If you pick through the literature, it's a whose who of monied explorers literally making a name for themselves, sometimes at great cost to their rivals. This truth plays out on British Columbia's West Coast and gulf islands. And on Hornby Island, in particular.
Hornby is a mix of beach and meadow, forest and stream. While I often walk the lower beachfront, this island boasts a mixed forest that covers its higher ground.
If you explore here, off the beaten path, you will see a lovely mix of large conifers, Western red cedar, western hemlock, grand fir and lodgepole pine on the island. You also see lovely examples of the smaller Pacific yew, Taxus brevifolia, a small evergreen that is used by First Nations carvers for bows and paddles for canoes.
Many spectacular specimens of arbutus, Arbutus menziesii, grow along the water's edge. These lovely evergreens have a rich orange-red bark that peels away in thin sheets, leaving a greenish, silvery smooth appearance and a satiny sheen. Arbutus, the broadleaf evergreen species is the tree I most strongly associate with Hornby. Hornby has its fair share of broadleaf deciduous trees. Bigleaf maple, red alder, black cottonwood, Pacific flowering dogwood, cascara and several species of willow thrive here.
There are populations of Garry oak, Quercus garryana, with their deeply lobed leaves, on the southern end of the island and at Helliwell Provincial Park on a rocky headland at the northeast end of Hornby. Only about 260 acres (1.1 km2) of undisturbed stands of older forests have been identified on Hornby. They amount to roughly 3.5% of the island's area. There are roughly 1,330 acres (540 ha) of older second-growth stands on the island, which is roughly 19% of the island.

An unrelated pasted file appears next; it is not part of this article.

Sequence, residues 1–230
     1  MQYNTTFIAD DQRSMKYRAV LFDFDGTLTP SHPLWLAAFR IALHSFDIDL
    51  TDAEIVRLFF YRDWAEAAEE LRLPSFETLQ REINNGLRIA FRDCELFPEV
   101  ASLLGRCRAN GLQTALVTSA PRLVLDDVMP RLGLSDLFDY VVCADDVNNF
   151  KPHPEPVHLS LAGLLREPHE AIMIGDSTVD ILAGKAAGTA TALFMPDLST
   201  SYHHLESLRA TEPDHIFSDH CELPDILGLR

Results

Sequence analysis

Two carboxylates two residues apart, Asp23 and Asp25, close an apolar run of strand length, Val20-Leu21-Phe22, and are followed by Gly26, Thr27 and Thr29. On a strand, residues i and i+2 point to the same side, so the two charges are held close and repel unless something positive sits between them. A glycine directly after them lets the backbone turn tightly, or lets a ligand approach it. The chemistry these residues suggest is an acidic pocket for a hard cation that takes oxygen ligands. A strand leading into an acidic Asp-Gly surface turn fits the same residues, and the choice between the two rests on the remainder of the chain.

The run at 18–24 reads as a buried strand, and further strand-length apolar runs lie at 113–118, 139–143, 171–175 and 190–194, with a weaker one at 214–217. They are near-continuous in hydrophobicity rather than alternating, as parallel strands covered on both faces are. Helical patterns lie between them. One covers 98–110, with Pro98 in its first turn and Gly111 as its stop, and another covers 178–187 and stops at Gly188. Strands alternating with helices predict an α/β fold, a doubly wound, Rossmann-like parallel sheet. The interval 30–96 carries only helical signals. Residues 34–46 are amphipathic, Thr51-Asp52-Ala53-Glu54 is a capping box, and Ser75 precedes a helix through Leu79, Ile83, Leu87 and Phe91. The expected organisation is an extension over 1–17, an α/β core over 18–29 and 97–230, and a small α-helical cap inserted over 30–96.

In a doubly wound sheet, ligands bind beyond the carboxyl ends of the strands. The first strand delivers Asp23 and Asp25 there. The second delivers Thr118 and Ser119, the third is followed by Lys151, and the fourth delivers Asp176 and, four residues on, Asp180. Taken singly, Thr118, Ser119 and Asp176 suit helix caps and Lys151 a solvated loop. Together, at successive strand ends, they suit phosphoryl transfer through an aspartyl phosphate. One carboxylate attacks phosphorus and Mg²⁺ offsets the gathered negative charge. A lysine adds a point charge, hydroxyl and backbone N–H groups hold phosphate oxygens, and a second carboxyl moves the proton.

Most of the trees you see on the island are Douglas fir, Pseudotsuga menziesii, an evergreen conifer species in the pine family. The common name is a nod to the Scottish botanist, David Douglas, who collected and first reported on this large evergreen.
|George Vancouver's Commission to Lieutenant|
He's also credited with the scientific name for our lovely arbutus trees. Menzies was part of the Vancouver Expedition (1791–1795) a four-and-a-half-year voyage of exploration commanded by Captain George Vancouver of the British Royal Navy.
Their voyage built on the work of James Cook. Cook was arguably the first ship's captain to ensure his crew remained scurvy free by implementing a practice of nutritious meals — those containing ascorbic acid also known as Vitamin C — and meticulous standards for onboard hygiene.
Though he did much to lower the mortality rate amongst his crew, he made some terrible decisions that led to his early demise. Cook was attacked and killed in 1779 during his third exploratory voyage in the Pacific while attempting to kidnap the Island of Hawaii's monarch, Kalaniʻōpuʻu.
The expedition returned to a Britain more interested in its ongoing war than in Pacific explorations. Vancouver was attacked by the politically well-connected Menzies for various slights, then challenged to a duel by Thomas Pitt, the 2nd Baron of Camelford. The fellow for whom the fair city of Vancouver is named never did complete his massive cartographical work. With health failing and nerves eroded, he lost the dual and his life. It was Peter Puget, whose name adorns Puget Sound, who completed Vancouver's — and arguably Cook's work on the mapping of our world.
If you'd like to explore more of the history of eponymous naming from Linnaeus to Darwin, to Bowie himself, take a boo at a new book from Stephen B. Heard, "Charles Darwin's Barnacle and David Bowie's Spider. It's fresh off the press this month and chock full of historical and pop-culture icons.
References: The City of Vancouver Archives has three George Vancouver documents:
- The Commission, dated July 10, 1783, appointing him fourth Lieutenant of the HMS Fame (this is the official document confirming a field commission given to him May 7, 1782)
- A letter to James Sykes (a Navy Agent in London) written from the ship Discovery (not the same Discovery used by Cook) while in Nootka Sound near the end of Vancouver’s exploration of the West Coast, October 2, 1794. Vancouver states that they have determined that the Northwest Passage does not exist, which was one of the main goals of his voyage
- A letter to James Sykes written from Vancouver’s home in Petersham, England, after his voyage, October 26, 1797
Napolean's Buttons, Penny Le Couteur & Jay Burreson.